Non-haemolytic E. coli was isolated from microsilos SC1 and SC2, as well as from all BC silos, and serological testing proved that it corresponded to an F41 serotype. This serotype is the same as that found in the farm samples from which the material was obtained, and from which it had been reported previously. Salmonella choleraesuis was not isolated from any of the BC microsilos.

Salmonella choleraesuis and E. coli were not detected from day 7 to day 56 in any of the microsilos under study, neither in the lactose MacConkey, SS, BG agar plates or tetrathionate broth, even up to 96 h after incubation (Table 4).

Viral identification at different times of ensilage.

A cytopathic effect was observed 60 min after inoculation (day 0) in the plates with MBDK cells inoculated with the collected material, in the samples from both the three AD and the three BED microsilos. No cytopathic effect was observed in the monolayers inoculated with samples with a greater time of ensilage (Table 5).

Table 5.   Number of samples with cytopathic effect per time of ensilage Thumbnail image of

With respect to inmunofluorescence, this was only observed 60 min after inoculation in the three samples of the AD microsilos and in two of the three BED microsilos. A very slight fluorescence was observed in the samples of two of the three BED microsilos after 7 days of ensilage, in comparison with the positive controls which were considered non-specific; therefore, the samples are reported as negative. No fluorescence was observed in the rest of the samples, as can be seen in Table 6.

Table 6.   Number of samples with positive fluorescence per time of ensilage Thumbnail image of

Both Aujeszky’s Disease virus and the Blue Eye Disease virus were identified in the electron microscopy studies carried out on the samples of the inocula and the samples taken 60 min after inoculation. They were not observed in samples with 7 and 14 days of ensilage.

DISCUSSION

  1. Top of page
  2. Abstract
  3. INTRODUCTION
  4. MATERIAL AND METHODS
  5. RESULTS
  6. DISCUSSION
  7. Acknowledgements
  8. References

The number of lactose fermenter Enterobacteria observed in the samples of the different areas of the farm is within the range reported by Pradal-Roa (1994), who recorded between 102 and 107 cfu g–1 in 10–12 kg pigs. It is important to point out that the average recorded here of 7·6 × 105 includes the samples taken from the solids and liquids and from the sedimentation and storage pits, all of which had a lower content of lactose fermenter Enterobacteria.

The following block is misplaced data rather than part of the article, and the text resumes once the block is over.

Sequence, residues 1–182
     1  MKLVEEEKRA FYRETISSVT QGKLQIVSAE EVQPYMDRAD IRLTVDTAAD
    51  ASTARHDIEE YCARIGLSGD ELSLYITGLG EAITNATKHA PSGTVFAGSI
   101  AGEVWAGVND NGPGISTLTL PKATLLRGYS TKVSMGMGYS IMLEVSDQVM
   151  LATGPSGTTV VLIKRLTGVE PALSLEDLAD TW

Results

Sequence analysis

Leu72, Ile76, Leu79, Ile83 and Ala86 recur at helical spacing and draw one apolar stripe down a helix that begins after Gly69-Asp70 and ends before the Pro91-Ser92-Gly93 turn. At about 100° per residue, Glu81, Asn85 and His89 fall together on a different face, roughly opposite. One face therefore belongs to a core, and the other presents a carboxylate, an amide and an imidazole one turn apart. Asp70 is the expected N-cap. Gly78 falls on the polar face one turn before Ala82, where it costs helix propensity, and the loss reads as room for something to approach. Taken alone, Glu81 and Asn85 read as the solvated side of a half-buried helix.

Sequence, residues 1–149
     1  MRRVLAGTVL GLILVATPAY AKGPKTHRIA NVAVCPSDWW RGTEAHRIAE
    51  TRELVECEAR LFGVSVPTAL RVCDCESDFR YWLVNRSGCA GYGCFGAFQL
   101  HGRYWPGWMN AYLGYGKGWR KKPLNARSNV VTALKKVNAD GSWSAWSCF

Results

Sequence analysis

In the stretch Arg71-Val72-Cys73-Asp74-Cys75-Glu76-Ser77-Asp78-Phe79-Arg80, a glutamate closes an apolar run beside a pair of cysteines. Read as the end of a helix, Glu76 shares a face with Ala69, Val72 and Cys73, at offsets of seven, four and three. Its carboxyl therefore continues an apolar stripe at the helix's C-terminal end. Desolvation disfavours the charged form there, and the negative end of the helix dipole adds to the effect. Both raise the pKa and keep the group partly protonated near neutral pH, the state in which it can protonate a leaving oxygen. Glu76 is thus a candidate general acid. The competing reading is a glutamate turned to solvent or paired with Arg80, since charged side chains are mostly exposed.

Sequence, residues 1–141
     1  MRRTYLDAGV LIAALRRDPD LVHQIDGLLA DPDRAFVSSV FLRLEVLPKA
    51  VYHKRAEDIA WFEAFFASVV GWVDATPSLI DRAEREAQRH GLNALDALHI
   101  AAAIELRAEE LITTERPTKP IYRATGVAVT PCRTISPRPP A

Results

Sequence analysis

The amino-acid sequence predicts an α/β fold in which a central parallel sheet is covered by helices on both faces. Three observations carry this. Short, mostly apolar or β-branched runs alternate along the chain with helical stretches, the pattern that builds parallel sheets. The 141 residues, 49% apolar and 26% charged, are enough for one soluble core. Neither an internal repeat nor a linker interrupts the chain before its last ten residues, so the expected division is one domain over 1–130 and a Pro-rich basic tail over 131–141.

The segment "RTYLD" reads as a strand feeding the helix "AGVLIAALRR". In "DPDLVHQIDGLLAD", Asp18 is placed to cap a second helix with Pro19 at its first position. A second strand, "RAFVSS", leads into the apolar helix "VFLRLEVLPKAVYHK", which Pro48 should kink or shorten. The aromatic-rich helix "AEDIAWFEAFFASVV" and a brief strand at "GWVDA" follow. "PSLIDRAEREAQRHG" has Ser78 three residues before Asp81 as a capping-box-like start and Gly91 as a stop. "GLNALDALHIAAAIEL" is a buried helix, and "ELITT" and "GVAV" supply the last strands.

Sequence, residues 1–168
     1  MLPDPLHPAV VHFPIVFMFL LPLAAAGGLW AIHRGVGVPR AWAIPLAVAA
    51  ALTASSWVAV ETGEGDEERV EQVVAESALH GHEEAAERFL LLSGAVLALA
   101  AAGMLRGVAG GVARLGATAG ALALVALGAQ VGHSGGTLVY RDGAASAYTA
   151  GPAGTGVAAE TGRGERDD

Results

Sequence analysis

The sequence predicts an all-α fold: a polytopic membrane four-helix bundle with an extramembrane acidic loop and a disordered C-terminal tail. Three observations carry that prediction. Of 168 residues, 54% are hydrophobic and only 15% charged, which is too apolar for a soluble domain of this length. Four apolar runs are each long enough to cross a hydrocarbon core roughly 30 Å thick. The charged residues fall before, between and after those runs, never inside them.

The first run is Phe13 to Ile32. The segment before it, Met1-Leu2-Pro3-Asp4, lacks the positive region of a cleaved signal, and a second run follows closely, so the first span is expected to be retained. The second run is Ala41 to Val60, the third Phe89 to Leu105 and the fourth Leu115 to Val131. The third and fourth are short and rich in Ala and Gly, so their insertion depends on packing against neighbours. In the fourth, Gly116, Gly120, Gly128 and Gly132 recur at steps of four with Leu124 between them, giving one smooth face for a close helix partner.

The genera of bacteria found in the different faecal samples, both from the animals and from the storage and processing areas, coincide with the flora that is frequently isolated from pig faeces and does not cause important clinical signs, with the exception of E. coli and Salm. choleraesuis (Iñigo et al. 1991; Pradal-Roa 1994; Hernández 1997).

The isolation of Salm. choleraesuis from fattening pigs confirms other reports (Chandler and Creven 1981; Plym and Ekesbo 1993; Strauch and Ballarini 1994) with respect to the elimination of this agent through the faeces, and confirms its presence in the sampled population. The lack of Salm. choleraesuis isolation in other areas may have resulted from a low occurrence as, considering that this is a serious health problem in a pig herd, whenever affected animals are detected they are treated with high doses of antimicrobials, after which the amount of the micro-organism in the pig population and environment decreases.

The isolation of Salm. choleraesuis from the liquids collected from the separator confirms its presence in the farm. This is in agreement with Chandler and Creven (1981) who isolated Salm. havana from pig effluents in a farm with no reports of disease in 10 years, and Plym and Ekesbo (1993) who found Salm. senftemberg and Salm. typhimurium in a 7 day pig faeces compost, as well as Salm. dublin in a 14 day pig faeces compost.

Henry et al. (1995) also isolated 11 serovarieties of Salmonella spp. from a storage pit of anaerobic, aerobic and facultative faeces, as well as from the liquid effluent of three different farms. These authors stated that some of the processes used in these farms do not establish the ideal pH conditions for the elimination of Salmonella spp.

In the case of the viral agents, the facts that Aujeszky’s Disease virus and the Blue Eye Disease virus were not isolated, either from the animals or from the deposits of solid and liquid faeces, that no antibodies against these diseases were detected, that these diseases have not been recorded in this farm since its beginning in 1992, and that no external genetic material has been added to the population, indicate that these agents are absent in this population. Additionally, it is well documented that adverse conditions of temperature, ultraviolet light, acidity, heat, other micro-organisms and residues of disinfectants inactivate several viruses (Ward et al. 1986; Mateu et al. 1992; Ming and Cliver 1995).

The organoleptic characteristics of the ensilages proved that fermentation was adequate, with the elimination of the smell from the pig faeces and an improvement in the texture. These coincided with those reported by Hernández (1997) and Cabrera (1998), who recorded a brown colour, an acid smell and no growth of fungi on the surface of microsilos with pig faeces prepared in 2·5 kg plastic flasks throughout 60 days of ensilage.